Tell me, who do you think stands a better chance of safe passage through a dark alley alone? John, the stockbroker who’s read several books on self-defense and the art of the ancient samurai but has never thrown a punch, or Tim, who barely graduated high school, but has walked himself home through the streets of Queens alone since age 8?
In this scenario, everyone picks Tim, but their reasoning is rarely sound. They choose Tim because they assume he’s a better fighter, or is packing heat, but in reality Tim stands a better chance because experience has shown him that traipsing down that particular alley after the sun sets puts him at unnecessary risk, and so he chooses another route. Whereas John feels confident he can defend himself in any situation and therefore walks directly into danger without knowing there’s a well-lit path two streets over which would have been an exceptional alternative.
This happens repeatedly in the great world of finance. People think they know what to do with their money, but usually they’re walking down a poorly lit alley in a bad part of town believing they have all the necessary defenses at the ready.
Most people are trained that financial education consists of a well-padded savings account, a personal residence, and a financial planner who handles their long-term investments. Then they cross their fingers and hope for the best in creating financial freedom.
In 2008, most of those people lost their retirements.
The reality is, if you don’t understand what to do with your money, you are better off stacking your cash under a mattress and sleeping on it than entrusting it to an expert to invest for the long-term in stocks, bonds, and mutual funds.
But, hold up…
What’s more valuable than a mattress full of cash?
A financially educated mind.
To be street smart you must live through experience, to be book smart, you need only take a class. To be financially smart, you’re required to do both.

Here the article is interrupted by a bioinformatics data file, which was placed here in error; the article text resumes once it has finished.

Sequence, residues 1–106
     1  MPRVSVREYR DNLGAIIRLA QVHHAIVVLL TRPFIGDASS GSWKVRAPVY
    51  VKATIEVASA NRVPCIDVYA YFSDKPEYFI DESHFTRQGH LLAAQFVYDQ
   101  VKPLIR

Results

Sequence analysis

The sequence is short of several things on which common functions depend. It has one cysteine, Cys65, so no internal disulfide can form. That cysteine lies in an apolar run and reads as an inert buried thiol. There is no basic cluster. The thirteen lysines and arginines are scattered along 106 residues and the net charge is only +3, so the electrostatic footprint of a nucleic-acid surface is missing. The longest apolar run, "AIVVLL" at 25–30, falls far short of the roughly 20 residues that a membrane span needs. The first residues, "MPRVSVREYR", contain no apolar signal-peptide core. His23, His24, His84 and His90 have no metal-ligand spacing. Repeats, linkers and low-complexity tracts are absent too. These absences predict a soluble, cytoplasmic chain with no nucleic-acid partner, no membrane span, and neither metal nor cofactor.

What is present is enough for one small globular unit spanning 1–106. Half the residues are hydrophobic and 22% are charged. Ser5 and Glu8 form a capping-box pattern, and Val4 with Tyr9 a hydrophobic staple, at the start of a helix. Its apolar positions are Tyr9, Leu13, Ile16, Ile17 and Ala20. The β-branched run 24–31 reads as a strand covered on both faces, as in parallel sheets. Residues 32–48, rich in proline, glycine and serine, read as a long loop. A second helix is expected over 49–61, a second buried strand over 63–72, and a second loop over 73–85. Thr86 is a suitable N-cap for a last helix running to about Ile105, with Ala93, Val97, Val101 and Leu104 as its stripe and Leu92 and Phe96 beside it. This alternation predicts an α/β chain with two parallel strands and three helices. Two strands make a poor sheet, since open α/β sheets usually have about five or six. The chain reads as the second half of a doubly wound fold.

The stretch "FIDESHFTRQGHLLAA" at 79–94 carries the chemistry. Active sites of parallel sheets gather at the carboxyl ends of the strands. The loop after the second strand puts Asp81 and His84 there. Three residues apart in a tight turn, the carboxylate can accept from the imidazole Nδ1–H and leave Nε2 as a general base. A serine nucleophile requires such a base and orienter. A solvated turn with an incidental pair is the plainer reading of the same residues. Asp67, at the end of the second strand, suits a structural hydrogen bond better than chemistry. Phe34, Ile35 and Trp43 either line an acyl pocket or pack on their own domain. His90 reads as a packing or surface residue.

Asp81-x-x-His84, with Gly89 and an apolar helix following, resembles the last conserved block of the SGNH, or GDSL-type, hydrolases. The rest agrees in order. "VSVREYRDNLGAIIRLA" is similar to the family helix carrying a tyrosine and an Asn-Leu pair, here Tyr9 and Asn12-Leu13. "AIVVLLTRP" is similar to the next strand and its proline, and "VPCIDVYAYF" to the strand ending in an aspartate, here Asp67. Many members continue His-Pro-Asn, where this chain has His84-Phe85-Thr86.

Classes, seminars, books, and coaching are vital to your financial education, but the gravy lies in learning from people who are successfully doing what you want to do and then implementing it. But you can’t take one class, expect to rule the real estate world, and become the next Trump, Buffett, or Kiyosaki. Real-life financial education is a process that takes time and experience.
So, while you’re becoming financially educated and creating financial freedom…
How do you know the difference between a savvy and average investor?
Educated investors understand a magical component.
Are you ready for it?
The financially educated learn to have other people send them money. It’s a formula that the masses never learn to implement. The savvy investor invests for cash flow, capital gains, and tax breaks in carefully selected areas where they have monitored and predicted trends. Whereas, the average investor often invests solely for capital gains in assets they can’t control. That’s not investing, that’s gambling. You can’t control the market, and you can’t control appreciation. When you have no control, any investment becomes risky.
So what should you do now with that bit of money you have saved up?
You have three options. (If you have no money, congratulations! You can’t mess this up; it’s option 3.)
- Put it under your mattress, do nothing, and hope for the best.
- Send it blindly to an expert and hope for the best.
- Invest in your financial education and predict the outcome.
If you choose option three, and I believe you have, excellent selection!
Here are a few tips to getting started creating financial freedom.
- Invest your time before you invest your money.
- Seek out the most relevant information you can find.
- Start small, dream huge. It’s not get rich quick, it’s get rich permanently. The “get rich quickers” are the ones who get poor in a hurry.
If you invest your time in financial education, you can ensure you’ll achieve your financial freedom while you’re still young enough to enjoy it, and you’ll remain rich even after you’re dead and gone… and your heirs will thank you.